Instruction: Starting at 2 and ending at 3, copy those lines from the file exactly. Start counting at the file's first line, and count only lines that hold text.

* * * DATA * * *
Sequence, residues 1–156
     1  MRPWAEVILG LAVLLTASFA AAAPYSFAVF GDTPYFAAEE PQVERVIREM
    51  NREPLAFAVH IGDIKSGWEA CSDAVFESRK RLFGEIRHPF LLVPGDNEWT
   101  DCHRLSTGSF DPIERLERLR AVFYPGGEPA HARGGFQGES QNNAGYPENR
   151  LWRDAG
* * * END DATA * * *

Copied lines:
     1  MRPWAEVILG LAVLLTASFA AAAPYSFAVF GDTPYFAAEE PQVERVIREM
    51  NREPLAFAVH IGDIKSGWEA CSDAVFESRK RLFGEIRHPF LLVPGDNEWT